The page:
As we approach Earth Day, celebrated every year on April 22, it seems fitting to highlight the efforts of researchers at the Department of Energy’s Pacific Northwest National Laboratory who strive to surface new knowledge about our planet.
PNNL researchers take a multidisciplinary approach as they seek to understand the Earth as a complex, dynamic system. They apply their expertise in atmospheric science, ecology, hydrology and biogeochemistry to learn about the Earth and its organisms—including people—and how they interact. By studying these complexities, the researchers are improving our ability to predict the availability of natural resources, protect the environment and address the impacts of climate change.
To share a glimpse of our far-reaching research activities, I will touch on how PNNL is advancing our understanding of what happens above, below and on the Earth’s surface.
Let’s start by looking above the Earth, where research focuses on fundamental atmospheric processes. PNNL researchers study tiny particles called aerosols that influence clouds and extreme weather events. Much of PNNL’s atmospheric research centers on developing models, some that simulate phenomena on a global scale and others that focus on areas as small as a few square kilometers or even square meters in size.
These sophisticated models are improving our ability to predict changes in the Earth system. More accurate and highly resolved models also will help better inform decision-makers on various approaches to mitigate and adapt to climate change while still enabling sustainable economic growth.
Next, let’s turn our attention to below ground. PNNL’s experts in subsurface science are learning about the layers of sediment and rock beneath the surface and how they interact with rivers, including the Columbia.
Our researchers study processes such as water purification and nutrient and carbon cycling at the molecular level. They explore the role of underground communities of microbes within various biological, geological and chemical processes. Other subsurface research examines how water and contaminants move within the soil. In these projects, a PNNL-developed technology translates underground measurements into time-lapse images that allow researchers to “see” what’s happening. At the Hanford site, for example, this technology has been used to observe subsurface processes and assess remediation strategies.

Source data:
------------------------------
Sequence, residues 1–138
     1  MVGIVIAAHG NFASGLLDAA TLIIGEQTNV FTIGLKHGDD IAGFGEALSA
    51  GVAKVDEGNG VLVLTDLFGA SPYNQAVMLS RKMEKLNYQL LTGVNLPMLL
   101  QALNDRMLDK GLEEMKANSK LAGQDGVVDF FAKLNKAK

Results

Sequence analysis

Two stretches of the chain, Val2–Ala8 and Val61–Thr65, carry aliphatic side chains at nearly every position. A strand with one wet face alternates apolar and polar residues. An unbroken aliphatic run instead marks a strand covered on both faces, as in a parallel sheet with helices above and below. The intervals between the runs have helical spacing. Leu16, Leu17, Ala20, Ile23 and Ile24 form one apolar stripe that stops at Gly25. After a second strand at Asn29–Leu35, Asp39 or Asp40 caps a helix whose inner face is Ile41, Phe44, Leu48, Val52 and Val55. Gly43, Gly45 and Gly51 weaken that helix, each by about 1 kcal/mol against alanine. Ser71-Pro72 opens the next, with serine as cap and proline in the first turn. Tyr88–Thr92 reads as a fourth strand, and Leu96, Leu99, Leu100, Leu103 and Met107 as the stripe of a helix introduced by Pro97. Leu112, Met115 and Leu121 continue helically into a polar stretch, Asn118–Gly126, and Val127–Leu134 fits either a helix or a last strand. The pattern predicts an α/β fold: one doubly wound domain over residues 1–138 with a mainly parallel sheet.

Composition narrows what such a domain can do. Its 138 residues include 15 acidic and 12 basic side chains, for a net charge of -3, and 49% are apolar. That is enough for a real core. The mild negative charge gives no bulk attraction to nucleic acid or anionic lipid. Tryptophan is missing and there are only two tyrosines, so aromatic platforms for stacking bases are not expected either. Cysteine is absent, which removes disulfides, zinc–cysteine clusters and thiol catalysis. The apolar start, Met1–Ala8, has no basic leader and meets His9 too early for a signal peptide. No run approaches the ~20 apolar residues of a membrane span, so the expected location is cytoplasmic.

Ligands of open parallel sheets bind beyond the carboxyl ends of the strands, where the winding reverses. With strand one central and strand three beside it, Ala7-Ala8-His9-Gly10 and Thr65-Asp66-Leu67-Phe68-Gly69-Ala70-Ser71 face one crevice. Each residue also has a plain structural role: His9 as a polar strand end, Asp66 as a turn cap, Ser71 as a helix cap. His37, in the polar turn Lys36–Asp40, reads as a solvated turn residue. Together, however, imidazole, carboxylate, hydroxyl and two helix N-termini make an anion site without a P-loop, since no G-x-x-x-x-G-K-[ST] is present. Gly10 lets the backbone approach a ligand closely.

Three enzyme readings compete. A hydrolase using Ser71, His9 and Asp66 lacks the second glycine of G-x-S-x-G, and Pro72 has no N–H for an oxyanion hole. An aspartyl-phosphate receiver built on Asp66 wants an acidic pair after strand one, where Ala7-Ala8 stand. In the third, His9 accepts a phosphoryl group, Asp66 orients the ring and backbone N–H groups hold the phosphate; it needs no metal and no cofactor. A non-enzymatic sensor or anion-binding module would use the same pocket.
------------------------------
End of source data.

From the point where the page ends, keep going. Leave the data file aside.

Finally, PNNL researchers are investigating processes taking place on the Earth’s surface. In one major area of study, scientists are delving into the intricately connected biological, geological and chemical interactions that occur where water and land meet. These areas, known as terrestrial-aquatic zones, are important, because they are home to most of the world’s population and economic production. These sensitive regions play a critical role in agriculture and climate.
While studies of land and water abound, much about the interplay between them remains unknown. Researchers using today’s computational power and new research approaches are helping to elucidate the relationships, not only between land and water, but also among the resident flora, fauna and microbes. The role of nutrients is particularly important.
As scientists learn about the processes taking place, they also delve into how the atmosphere and climate impact them and vice versa. This new knowledge is being incorporated into Earth system models that will improve our understanding of the changing planet, as well as our ability to predict extreme weather and restore ecosystems.
With Earth Day on the horizon, I recall the song, “He’s got the whole world in His hands.” At PNNL, hundreds of scientists and engineers have a hand in understanding the whole Earth and the exceedingly complex system of what lies above, below and on its surface.
Steven Ashby, director of Pacific Northwest National Laboratory, writes this column monthly. To read previous Director's Columns, visit pnnl.gov/news and filter by Director's Columns in our Latest Stories.